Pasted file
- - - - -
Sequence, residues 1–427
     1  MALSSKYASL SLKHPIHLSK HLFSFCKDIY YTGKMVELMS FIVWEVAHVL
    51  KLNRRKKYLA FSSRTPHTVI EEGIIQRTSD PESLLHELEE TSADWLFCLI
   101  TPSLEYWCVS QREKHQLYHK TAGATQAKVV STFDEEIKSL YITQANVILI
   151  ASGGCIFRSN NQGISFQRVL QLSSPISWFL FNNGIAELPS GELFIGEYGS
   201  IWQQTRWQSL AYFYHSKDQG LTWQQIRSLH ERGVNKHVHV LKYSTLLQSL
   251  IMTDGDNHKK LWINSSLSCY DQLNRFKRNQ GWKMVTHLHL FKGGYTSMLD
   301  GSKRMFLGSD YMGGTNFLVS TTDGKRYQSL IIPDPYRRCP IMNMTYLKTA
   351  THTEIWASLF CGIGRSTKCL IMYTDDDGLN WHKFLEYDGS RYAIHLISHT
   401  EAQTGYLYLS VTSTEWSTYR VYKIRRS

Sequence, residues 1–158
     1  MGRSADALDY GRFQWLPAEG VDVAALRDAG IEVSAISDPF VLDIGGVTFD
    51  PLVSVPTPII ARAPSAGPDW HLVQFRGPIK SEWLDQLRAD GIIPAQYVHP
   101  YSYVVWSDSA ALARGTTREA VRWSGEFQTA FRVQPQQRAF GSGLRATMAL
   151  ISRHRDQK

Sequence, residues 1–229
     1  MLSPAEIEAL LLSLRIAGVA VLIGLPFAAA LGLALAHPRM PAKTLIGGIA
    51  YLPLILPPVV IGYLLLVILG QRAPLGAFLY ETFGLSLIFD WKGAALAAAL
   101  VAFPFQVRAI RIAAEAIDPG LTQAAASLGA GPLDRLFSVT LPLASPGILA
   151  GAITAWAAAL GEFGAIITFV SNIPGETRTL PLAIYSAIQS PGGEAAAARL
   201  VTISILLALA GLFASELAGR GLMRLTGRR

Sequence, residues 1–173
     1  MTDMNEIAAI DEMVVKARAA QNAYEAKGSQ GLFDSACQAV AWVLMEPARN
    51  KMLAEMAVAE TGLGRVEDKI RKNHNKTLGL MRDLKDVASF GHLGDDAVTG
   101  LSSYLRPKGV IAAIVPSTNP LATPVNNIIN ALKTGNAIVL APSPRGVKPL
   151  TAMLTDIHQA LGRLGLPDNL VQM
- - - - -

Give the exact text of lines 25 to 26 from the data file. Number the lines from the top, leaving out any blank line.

   101  LSSYLRPKGV IAAIVPSTNP LATPVNNIIN ALKTGNAIVL APSPRGVKPL
   151  TAMLTDIHQA LGRLGLPDNL VQM